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Article updated: 1/24/2013 2:51 PM

Participation can be life-changing, for any of us

By

Whether you have toddlers, school-age children, or teens, you know there is a lot of pent-up energy during the winter months. How do you channel that energy? Where do you go that will satisfy both their desire to have fun and your need for them to be in a safe, supportive environment? And while we are thinking about it, let's also make it convenient so that you could even get some time to yourself.

"Winter is really a tough time of year because Grant has a lot of energy," says Joan Camper whose son, Grant, 20, has autism. "Grant needs to burn off energy on a regular basis so that he can get through the rest of his day, sit longer when he needs to and not get frustrated or bored."

Sound impossible? Not with the network of Special Recreation Associations throughout Illinois. SRAs provide local and regional leisure programs for children, teens, and adults with special needs.

Camper looks to her local SRA to provide an outlet for her son's energy. While Grant looks forward to swim team, basketball and snowshoeing, Camper looks forward to him keeping active and fit.

"Grant loves to be a part of his SRA teams. He loves playing sports, like his brothers, and the friends he has made on the team," she said. "I like that fact that the activity will help keep him healthy, calm and reduce his impulsivity when we are out in public. He needs the regularity that these SRAs provide. And I know that he is in a good place with good people who understand his needs."

SRAs strive to create the best environment possible for people with special needs. They offer opportunities for individuals to perform at their highest level of ability. They recognize the need for flexibility to accommodate each participant based on their ability, level of function, age and interest.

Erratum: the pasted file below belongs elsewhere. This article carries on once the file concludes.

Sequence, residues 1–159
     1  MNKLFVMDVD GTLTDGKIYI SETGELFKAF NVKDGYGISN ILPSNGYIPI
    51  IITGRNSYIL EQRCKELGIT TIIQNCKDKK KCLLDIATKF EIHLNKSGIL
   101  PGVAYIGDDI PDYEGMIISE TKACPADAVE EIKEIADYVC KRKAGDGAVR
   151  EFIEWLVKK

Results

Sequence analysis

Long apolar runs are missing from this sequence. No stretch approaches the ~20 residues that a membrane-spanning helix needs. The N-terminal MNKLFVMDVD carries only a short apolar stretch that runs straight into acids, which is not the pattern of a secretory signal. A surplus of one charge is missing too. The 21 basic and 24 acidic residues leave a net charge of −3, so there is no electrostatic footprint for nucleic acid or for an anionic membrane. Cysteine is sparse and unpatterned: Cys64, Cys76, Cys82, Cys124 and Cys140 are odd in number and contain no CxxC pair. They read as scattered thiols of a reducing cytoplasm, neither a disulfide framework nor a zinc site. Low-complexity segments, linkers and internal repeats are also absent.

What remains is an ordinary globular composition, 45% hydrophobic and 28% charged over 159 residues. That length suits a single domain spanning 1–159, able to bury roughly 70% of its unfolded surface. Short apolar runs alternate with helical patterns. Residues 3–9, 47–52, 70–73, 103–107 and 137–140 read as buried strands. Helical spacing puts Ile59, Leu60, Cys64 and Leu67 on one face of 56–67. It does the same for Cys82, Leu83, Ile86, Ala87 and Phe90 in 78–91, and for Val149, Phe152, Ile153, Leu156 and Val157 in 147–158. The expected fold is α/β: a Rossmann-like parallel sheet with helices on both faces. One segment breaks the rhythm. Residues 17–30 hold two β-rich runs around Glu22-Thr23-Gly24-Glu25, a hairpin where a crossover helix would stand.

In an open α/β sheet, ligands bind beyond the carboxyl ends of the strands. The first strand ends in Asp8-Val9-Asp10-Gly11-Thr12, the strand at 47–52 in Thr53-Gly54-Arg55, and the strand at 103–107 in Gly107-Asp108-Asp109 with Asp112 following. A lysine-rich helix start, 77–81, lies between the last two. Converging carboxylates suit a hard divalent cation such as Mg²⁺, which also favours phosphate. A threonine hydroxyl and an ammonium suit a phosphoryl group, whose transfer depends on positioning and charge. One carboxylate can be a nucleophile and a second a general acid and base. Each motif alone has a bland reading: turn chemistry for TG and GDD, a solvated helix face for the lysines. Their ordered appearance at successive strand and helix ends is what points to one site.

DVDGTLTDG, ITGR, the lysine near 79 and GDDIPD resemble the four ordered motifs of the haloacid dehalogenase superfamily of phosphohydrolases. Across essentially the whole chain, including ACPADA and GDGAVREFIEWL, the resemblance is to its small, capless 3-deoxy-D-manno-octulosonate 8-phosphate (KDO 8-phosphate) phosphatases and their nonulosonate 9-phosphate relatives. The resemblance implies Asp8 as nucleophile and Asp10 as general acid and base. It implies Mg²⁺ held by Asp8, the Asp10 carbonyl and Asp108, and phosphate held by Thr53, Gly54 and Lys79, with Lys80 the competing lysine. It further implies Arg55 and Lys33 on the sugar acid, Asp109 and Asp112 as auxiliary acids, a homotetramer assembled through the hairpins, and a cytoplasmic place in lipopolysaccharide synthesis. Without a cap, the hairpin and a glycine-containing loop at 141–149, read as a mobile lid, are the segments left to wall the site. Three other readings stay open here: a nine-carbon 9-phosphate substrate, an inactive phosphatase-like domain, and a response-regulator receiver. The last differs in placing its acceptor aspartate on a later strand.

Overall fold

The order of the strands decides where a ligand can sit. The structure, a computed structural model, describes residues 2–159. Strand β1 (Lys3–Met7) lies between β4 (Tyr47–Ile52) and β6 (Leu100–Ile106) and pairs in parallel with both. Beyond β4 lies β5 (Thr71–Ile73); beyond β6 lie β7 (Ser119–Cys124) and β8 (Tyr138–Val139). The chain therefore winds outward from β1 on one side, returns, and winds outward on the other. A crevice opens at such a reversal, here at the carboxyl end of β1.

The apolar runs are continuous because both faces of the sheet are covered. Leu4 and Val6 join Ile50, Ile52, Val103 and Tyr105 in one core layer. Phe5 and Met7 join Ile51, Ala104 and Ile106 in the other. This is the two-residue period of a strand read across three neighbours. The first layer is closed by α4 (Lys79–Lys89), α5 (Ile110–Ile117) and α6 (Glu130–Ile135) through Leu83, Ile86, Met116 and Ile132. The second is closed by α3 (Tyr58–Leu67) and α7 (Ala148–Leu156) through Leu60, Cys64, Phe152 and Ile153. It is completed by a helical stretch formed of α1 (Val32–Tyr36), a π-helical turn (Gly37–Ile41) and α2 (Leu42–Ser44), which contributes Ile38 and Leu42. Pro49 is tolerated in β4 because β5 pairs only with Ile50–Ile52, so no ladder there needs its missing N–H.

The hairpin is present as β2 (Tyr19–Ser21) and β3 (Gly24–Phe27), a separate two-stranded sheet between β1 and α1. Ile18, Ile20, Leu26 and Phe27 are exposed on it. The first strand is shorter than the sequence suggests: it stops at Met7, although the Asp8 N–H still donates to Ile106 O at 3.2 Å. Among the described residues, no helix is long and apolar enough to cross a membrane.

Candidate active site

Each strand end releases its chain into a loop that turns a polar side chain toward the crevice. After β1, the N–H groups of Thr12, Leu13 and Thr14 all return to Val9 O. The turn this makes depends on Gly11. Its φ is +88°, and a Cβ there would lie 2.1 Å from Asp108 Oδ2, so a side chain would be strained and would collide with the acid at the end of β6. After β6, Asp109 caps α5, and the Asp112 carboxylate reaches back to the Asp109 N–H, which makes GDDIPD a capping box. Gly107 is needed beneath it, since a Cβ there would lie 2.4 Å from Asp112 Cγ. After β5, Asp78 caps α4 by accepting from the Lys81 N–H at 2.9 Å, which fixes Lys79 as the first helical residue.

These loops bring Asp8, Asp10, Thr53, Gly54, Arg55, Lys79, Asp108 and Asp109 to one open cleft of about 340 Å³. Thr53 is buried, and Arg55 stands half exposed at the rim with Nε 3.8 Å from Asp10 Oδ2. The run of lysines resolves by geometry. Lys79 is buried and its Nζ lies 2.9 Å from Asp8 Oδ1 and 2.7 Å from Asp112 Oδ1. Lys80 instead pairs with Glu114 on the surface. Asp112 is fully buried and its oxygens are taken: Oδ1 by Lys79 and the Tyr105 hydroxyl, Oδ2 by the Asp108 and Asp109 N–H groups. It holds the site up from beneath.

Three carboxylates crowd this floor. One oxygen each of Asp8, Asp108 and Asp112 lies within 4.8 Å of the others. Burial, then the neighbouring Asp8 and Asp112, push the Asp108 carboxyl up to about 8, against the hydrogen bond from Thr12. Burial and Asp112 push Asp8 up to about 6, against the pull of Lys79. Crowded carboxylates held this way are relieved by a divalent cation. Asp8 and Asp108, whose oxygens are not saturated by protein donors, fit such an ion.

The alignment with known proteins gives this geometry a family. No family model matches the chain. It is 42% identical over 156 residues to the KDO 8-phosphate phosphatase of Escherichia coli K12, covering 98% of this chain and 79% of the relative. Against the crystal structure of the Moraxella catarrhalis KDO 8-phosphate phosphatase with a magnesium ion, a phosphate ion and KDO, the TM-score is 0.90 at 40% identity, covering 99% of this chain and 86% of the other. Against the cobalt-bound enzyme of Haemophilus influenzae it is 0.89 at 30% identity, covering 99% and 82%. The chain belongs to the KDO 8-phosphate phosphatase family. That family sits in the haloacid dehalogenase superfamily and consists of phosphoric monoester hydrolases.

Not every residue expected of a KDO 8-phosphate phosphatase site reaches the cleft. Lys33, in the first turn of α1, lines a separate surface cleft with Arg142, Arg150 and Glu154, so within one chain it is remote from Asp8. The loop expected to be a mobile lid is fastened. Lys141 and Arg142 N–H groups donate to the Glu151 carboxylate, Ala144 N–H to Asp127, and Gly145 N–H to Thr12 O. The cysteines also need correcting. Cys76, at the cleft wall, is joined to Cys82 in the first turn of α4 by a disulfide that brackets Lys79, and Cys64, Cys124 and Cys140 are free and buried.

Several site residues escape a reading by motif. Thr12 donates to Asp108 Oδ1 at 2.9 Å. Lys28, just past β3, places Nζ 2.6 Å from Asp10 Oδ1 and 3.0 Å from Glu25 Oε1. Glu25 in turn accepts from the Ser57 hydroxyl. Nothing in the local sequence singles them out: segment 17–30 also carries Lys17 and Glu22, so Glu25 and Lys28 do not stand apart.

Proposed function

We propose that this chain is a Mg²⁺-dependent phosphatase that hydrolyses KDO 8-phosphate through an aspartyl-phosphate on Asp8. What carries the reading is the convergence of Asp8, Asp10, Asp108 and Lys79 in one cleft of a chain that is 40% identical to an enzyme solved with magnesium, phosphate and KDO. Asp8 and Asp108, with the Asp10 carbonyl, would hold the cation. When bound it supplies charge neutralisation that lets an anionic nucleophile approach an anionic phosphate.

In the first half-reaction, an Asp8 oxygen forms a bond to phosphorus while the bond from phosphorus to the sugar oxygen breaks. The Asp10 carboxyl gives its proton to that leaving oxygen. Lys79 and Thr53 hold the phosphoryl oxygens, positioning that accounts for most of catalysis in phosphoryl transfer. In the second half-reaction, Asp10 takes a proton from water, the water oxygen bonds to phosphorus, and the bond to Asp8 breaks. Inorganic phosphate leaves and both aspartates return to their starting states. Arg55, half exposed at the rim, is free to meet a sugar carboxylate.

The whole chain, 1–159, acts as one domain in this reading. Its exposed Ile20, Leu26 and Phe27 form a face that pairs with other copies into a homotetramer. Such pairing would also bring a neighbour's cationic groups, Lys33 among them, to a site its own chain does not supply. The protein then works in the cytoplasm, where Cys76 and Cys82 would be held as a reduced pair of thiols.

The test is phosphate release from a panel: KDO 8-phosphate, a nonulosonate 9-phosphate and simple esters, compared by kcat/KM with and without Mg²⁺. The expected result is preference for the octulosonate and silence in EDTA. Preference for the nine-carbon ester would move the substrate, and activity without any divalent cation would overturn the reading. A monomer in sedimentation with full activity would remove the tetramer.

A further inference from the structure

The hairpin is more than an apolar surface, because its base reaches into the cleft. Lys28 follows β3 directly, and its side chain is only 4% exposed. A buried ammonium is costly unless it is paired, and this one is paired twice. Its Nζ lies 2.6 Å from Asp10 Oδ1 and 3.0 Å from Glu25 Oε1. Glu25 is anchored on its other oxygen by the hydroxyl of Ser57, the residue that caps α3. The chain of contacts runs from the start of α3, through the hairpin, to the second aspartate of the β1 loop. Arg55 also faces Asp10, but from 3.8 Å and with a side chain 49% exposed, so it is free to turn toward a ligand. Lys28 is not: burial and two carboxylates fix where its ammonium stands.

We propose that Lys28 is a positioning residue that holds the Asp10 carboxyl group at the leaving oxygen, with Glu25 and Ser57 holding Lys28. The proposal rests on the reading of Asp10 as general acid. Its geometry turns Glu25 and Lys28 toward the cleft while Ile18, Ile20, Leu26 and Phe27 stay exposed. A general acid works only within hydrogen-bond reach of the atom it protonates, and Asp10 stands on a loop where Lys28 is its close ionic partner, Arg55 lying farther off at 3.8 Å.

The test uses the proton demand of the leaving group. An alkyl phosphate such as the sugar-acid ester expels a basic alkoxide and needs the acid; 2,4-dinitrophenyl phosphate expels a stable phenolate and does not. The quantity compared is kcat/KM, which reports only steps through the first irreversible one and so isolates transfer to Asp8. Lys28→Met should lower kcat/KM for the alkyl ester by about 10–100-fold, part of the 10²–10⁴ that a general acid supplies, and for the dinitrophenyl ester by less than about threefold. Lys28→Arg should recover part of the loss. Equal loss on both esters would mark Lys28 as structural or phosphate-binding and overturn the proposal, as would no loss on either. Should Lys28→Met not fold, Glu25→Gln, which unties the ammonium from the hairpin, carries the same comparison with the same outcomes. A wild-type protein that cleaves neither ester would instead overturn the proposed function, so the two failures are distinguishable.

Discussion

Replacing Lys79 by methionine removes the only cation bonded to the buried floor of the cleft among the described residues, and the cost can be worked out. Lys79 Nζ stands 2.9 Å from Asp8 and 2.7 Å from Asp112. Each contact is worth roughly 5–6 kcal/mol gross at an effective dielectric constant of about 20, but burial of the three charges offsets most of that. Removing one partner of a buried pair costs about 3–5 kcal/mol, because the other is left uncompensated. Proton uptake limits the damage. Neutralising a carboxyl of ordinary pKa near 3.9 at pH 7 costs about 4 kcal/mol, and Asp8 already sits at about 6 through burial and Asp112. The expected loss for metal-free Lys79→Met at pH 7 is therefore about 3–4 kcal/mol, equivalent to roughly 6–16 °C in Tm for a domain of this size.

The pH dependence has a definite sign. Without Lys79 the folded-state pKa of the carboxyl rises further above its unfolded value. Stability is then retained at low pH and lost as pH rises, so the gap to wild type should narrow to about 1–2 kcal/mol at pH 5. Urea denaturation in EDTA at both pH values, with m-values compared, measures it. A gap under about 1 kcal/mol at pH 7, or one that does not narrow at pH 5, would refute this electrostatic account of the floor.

Families can choose from programs including sports and Special Olympics, arts and music, social clubs and camps, trips and special events and more. Special recreation is focused on community-based programming. That means that programs are held in community outlets such as schools and park district facilities.

In addition, inclusion services are available at no cost if the family chooses to participate in an existing park district program. Accommodations may include adaptive materials, activity modification, observation and evaluation, or the provision of support staff.

"Samantha started out in both inclusion and Special Olympics programs through our local SRA," says Liz Rein, whose daughter Samantha, 22, has Down syndrome. "Through inclusion I wanted her to have the experience of being around typical kids her age in a typical environment to develop her socialization skills. But I also wanted her to be able to be in an environment where she could relax and be herself, so she participated in Special Olympics at the same time," Rein said. "It was the best of both worlds providing great social experiences."